26 March at 14.15 in Lundmarksalen (Astronomy), coffee/tea will be served after the talk
Martin Turbet (Laboratoire de Météorologie Dynamique, Paris):
Exploring the diversity of planetary atmospheres with Global Climate Models
More than 50 years ago, scientists created the first Global Climate Models (GCMs) to study the atmosphere of the Earth. Since then, the complexity and the level of realism of these models (that can now include the effect of oceans, clouds, aerosols, chemistry, vegetation, etc.) have considerably increased. The large success of these models have recently motivated the development of an entire family of GCMs designed to study extra-terrestrial environments in our solar system (Venus, Mars, Titan, Pluto) and even beyond (extrasolar planets).
I will first show various GCM applications on Venus, Mars, Titan and Pluto. Solar system GCMs successes and sometimes failures teach us useful lessons to investigate and possibly predict the possible climates on planets where no (or almost no) observations are available. I will then present several examples of studies recently performed using a 'generic' Global Climate Model developed at the Laboratoire de Météorologie Dynamique in Paris, designed to explore the possible atmospheres and the habitability of ancient planets or extrasolar planets.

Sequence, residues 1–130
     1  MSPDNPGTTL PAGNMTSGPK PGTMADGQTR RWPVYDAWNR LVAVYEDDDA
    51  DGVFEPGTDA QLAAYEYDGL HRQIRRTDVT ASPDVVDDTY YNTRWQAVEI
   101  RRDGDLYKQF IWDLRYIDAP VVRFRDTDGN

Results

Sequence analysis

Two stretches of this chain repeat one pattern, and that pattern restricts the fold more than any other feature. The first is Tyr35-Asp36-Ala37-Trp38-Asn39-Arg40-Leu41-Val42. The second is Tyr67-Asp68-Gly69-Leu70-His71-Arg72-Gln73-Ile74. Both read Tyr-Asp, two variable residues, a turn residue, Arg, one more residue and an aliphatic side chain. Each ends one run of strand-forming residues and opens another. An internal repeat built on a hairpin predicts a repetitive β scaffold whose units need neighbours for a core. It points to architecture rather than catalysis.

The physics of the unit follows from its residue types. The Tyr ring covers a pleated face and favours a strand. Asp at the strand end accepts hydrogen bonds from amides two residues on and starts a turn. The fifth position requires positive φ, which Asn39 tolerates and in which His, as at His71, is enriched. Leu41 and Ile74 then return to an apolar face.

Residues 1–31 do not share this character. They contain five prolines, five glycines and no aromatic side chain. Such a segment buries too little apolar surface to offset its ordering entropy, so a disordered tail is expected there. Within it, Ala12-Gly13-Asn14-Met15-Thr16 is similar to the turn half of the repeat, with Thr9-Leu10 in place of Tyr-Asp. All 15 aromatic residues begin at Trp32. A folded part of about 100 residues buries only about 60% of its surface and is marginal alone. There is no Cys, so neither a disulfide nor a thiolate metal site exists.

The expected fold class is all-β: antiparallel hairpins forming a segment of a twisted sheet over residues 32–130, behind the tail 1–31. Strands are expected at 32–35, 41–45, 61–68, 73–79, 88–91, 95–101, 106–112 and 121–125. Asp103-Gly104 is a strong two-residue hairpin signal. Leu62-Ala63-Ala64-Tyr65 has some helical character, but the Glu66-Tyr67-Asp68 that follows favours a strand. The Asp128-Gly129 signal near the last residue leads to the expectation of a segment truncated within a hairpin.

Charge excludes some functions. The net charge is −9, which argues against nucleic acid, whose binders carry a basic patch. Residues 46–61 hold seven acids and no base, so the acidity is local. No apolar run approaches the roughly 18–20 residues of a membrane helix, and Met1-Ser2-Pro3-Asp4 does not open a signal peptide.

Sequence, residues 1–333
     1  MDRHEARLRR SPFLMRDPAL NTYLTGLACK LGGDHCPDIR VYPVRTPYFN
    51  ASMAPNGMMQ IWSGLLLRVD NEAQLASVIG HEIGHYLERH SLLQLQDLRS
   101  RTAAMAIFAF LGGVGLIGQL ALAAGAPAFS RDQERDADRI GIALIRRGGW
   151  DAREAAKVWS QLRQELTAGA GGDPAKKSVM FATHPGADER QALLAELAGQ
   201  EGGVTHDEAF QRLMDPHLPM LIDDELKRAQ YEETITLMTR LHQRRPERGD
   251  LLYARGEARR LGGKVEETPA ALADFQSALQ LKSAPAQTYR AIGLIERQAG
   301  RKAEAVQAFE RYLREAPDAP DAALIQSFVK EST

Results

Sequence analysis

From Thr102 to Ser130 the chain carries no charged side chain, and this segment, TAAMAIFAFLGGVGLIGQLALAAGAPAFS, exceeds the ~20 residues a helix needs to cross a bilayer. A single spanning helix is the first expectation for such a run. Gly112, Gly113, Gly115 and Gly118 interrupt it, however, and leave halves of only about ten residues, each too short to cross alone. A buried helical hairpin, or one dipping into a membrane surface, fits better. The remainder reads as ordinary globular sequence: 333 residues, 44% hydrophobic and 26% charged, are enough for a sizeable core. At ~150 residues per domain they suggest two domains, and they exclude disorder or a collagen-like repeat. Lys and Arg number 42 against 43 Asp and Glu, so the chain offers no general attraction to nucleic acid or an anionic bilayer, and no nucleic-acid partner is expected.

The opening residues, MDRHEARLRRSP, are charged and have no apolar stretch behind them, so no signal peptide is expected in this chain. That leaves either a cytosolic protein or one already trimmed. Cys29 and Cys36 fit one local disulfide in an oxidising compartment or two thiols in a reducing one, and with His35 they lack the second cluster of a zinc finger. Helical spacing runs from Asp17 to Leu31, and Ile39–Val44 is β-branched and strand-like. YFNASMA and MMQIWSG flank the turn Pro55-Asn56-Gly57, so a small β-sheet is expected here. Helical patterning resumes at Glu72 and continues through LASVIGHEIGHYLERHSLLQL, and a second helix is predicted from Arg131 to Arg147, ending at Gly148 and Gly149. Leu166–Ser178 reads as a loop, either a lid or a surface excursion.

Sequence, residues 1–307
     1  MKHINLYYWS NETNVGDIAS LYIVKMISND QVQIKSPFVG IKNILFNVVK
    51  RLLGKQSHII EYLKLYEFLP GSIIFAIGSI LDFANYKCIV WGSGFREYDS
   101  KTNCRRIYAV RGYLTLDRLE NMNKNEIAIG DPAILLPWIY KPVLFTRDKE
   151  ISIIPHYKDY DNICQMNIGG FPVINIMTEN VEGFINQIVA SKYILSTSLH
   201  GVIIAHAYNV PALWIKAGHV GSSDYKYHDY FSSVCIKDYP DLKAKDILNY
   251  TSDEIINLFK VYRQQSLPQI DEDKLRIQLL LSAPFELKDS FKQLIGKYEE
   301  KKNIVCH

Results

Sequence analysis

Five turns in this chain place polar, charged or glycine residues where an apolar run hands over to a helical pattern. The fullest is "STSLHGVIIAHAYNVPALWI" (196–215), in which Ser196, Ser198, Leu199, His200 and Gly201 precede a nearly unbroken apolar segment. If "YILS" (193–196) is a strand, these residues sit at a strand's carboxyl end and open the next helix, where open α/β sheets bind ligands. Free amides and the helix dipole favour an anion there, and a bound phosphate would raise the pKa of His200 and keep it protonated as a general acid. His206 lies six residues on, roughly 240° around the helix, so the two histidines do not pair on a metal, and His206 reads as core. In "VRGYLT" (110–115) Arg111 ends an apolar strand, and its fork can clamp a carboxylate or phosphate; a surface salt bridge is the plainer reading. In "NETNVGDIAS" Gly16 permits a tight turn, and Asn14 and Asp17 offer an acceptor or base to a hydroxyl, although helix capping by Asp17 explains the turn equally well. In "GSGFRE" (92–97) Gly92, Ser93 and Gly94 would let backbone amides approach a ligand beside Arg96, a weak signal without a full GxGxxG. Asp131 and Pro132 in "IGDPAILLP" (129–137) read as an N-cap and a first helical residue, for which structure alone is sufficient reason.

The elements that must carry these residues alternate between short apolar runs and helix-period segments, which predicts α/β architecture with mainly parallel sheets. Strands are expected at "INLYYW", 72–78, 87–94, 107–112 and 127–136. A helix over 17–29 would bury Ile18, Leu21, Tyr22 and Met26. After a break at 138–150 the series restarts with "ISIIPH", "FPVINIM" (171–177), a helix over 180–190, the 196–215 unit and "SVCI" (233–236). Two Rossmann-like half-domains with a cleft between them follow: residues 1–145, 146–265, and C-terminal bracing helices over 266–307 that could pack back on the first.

12 April in LUX building
8 May at 14.15 in Lundmarksalen (Astronomy)
Alice Quillen (University of Rochester): Astro-viscoelastodynamics
If you have suggestions of potential seminar speakers for the 2017-18 academic year please email us.List of previous seminars.
This page was last modified on 18 March 2018.